“Quis costodiet ipsos custodies?” (Who will watch the watchers?)
excerpts from http://sankaracharyaarticles.blogspot.com/
Apart from the odd article in the Tamil Press, we were unable to find any detailed coverage of erstwhile Kanchi Mutt manager Sundaresa Iyer’s Habeas Corpus hearing.
Yet, this case has significance for the entire Tamil public, if not the nation, as it touches on fundamental questions of governance and the limits of police power. Any judgments handed down in this case will, directly or indirectly, impact Tamilians’ lives, and the degree of power the Executive branch of the State Government has over them.
If this article from Tamil daily Dinakaran (translated here) is accurate, then the Tamil Nadu Government is staking the claim that anyone accused of participation in a gruesome murder can be preventively detained under the Goonda’s Act, and thence become ineligible for bail for upto a year.
The Prosecution’s argument appears to be that, since gruesome murders (especially those committed in daylight) disturb the public peace, the Goonda’s Act can be applied to anyone merely accused of such a crime.
It is a bit difficult to discern how exactly the public peace was disturbed in this case. The unfortunate victim was murdered way back in September of last year – more than 6 months ago! What public disturbance has occurred in Kanchipuram since then? Were there any riots back in October or November?
Since the Sankaracharya’s arrest, there have been demonstrations in Vellore, Chennai and all across Tamil Nadu. Most of them have occurred under the watchful eyes of intense police security, with hardly any violence, save a skirmish or two. In fact, the Chief Minister of Tamil Nadu herself was so unimpressed by these events that she declared in the Tamil Nadu assembley on November 18th: “These steps (referring to the Sankaracharya’s arrest) have not led to any law and order problem in Tamil Nadu.” (The Hindu, Nov 18, 2004).
In any case, those public protests, immediately suppressed ruthlessly by police, arose in response to the Sankaracharya’s arrest, an action the Tamil Nadu Government took. What do these - bye and large peaceful - protests have to do with Sri Sundaresa Iyer?
The Government’s contention that Sri Sankarraman’s gruesome murder disturbed the public peace is not only untenable, but, even if granted, wholly irrelevant to Sundaresa Iyer’s petition.
Moreover, the rationale given by the Prosecutor for invoking the Goonda’s Act is itself arbitrary. Is anyone accused of murder to be detained preventively now? After all, what murder isn’t gruesome?
If the Prosecution’s argument is upheld, anyone in Tamil Nadu need only be accused of a murder in order to be thrown in prison by executive order for up to a year, with no opportunity for bail, and no due process of law. In Sundaresa Iyer’s case, no court has ever examined the evidence to say whether even a prima facie case exists against him. Yet, Sri Sundaresa Iyer is locked up in a cell, and cannot even get a bail hearing before a judge because the Goonda’s Act has been slapped on him.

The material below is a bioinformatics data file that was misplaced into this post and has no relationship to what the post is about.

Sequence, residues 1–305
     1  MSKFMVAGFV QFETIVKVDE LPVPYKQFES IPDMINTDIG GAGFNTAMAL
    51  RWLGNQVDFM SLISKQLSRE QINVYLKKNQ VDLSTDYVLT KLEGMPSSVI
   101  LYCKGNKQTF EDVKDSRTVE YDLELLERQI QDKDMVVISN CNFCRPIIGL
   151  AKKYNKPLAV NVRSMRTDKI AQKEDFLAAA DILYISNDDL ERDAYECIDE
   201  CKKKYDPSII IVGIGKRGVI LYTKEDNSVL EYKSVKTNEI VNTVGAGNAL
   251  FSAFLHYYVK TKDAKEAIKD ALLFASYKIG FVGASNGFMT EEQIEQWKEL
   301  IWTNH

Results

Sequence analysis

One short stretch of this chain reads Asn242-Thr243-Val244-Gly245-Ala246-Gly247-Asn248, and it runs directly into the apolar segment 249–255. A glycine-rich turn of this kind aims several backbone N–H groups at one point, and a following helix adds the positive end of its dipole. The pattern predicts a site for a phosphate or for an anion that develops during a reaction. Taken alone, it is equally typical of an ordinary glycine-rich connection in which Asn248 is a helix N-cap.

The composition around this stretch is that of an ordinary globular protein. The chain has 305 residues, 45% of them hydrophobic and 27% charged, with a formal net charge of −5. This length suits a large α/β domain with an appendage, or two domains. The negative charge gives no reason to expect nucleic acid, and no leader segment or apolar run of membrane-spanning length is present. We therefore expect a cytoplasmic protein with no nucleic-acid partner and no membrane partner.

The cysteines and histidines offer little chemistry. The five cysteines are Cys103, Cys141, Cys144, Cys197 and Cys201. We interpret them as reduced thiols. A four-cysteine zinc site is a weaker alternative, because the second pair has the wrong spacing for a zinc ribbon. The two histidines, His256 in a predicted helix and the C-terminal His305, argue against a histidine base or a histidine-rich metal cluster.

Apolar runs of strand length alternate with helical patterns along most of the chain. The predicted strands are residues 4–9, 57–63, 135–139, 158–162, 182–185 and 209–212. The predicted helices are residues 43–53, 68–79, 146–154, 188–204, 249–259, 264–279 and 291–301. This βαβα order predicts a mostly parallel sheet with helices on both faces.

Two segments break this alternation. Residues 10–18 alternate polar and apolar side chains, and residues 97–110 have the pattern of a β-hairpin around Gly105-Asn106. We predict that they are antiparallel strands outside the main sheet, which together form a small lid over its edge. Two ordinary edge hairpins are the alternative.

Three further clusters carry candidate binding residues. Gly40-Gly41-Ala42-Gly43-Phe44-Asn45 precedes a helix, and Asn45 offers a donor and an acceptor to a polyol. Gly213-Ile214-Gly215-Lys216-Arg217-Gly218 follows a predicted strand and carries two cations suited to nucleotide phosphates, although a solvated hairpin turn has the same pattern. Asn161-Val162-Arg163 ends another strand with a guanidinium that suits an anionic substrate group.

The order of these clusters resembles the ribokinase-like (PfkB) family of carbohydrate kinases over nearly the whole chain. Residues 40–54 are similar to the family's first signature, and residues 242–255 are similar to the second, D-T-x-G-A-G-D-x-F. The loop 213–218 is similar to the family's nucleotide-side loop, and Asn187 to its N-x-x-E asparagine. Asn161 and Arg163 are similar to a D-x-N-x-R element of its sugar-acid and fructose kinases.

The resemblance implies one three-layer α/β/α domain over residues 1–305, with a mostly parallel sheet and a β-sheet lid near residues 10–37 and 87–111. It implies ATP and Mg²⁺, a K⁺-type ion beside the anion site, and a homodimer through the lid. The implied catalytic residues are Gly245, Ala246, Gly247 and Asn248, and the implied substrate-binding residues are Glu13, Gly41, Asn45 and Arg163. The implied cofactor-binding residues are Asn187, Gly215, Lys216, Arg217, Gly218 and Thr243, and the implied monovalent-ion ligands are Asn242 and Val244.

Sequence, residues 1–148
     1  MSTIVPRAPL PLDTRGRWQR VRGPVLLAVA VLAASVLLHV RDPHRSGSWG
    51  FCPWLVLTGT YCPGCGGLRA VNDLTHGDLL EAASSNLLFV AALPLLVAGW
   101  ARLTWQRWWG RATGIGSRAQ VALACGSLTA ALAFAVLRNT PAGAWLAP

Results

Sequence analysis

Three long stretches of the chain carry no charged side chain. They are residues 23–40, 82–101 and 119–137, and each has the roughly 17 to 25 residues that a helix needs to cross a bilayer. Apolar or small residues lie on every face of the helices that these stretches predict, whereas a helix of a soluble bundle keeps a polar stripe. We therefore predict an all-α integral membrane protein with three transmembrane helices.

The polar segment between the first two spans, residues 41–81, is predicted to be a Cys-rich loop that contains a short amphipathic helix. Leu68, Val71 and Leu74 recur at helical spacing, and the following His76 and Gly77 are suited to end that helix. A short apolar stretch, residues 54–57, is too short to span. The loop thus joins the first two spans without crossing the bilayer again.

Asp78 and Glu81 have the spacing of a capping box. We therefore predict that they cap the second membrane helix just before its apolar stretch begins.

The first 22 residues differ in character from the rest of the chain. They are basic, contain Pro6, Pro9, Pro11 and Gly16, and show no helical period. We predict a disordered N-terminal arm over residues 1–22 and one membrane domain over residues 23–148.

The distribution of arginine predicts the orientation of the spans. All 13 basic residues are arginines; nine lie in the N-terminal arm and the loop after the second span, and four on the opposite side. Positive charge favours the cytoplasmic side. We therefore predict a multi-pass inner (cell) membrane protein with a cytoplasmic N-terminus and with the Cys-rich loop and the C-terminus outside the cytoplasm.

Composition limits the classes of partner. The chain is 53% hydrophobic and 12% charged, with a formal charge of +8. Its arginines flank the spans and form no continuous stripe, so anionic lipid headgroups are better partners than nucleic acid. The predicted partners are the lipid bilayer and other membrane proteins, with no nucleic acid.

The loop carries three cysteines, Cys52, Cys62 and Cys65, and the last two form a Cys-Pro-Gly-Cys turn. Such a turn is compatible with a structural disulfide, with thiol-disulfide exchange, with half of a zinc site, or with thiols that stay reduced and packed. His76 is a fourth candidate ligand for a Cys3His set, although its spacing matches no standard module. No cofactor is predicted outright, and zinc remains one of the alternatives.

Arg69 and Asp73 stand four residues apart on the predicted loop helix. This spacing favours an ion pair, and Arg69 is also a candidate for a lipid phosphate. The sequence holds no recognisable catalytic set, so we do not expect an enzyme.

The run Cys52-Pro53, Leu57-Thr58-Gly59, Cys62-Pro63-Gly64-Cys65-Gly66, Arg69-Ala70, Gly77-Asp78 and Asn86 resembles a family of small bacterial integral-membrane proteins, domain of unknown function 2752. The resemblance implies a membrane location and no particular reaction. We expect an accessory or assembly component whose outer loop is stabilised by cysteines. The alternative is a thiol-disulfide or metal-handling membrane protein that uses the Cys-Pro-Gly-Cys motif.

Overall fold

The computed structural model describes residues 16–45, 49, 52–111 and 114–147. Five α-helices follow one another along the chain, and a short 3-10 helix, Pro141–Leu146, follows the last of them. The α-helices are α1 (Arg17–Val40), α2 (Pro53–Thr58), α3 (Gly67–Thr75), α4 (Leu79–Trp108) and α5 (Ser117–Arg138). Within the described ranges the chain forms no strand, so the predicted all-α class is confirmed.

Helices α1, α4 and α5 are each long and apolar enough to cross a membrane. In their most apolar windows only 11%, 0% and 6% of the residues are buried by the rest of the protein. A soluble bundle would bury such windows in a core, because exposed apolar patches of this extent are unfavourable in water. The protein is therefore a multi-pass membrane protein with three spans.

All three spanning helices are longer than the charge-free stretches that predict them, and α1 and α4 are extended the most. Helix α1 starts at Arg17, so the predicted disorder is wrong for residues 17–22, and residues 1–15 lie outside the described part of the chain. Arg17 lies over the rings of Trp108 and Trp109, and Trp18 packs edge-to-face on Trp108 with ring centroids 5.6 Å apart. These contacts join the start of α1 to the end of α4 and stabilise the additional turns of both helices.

Is society served by such a state of affairs? What would limit the Executive branch from curtailing the liberty of any individual, effectively suo moto? What would stop any dishonest cop from getting anyone he bears a grudge against - or who won’t pay him protection money - charged of such a crime, and thrown into prison as Sundaresa Iyer has? What would protect a sitting Government’s political opponent or even civilian critics of the Executive from the same treatment?
Who, as the Roman poet asked, will watch over the watchers? This broad an interpretation of the Goonda’s Preventive Detention Act is surely an invitation to tyranny. That an individual so accused could file a Habeas Corpus plea before the courts is simply insufficient remedy. Sundaresa Iyer has now spent 95 days in prison. It is simply unacceptable that any accused, presumed innocent until proven guilty, should be deprived of due process in this manner.
It is the Executive’s power that must be curtailed at the outset. Any law, most especially one that allows preventive detention, must be applied judiciously – with restraint. That has simply not been the case here.
Meanwhile, we are appalled by the paltry coverage of this case in the media-at-large. When such grave public issues are involved, the press ought to at the very least show up. Instead, the English Language Media has largely absconded. The issues in this case surely deserve national attention and public debate. Where is The Indian Express or The Hindustan Times? Where, for that matter, is Chennai-based ‘The Hindu’? Here arise fundamental questions about the limits of police power – Where have all the secular humanists run?
George Washington once said: "Government is not reason, it is not eloquence, it is force; like fire, a troublesome servant and a fearful master. Never for a moment should it be left to irresponsible action."
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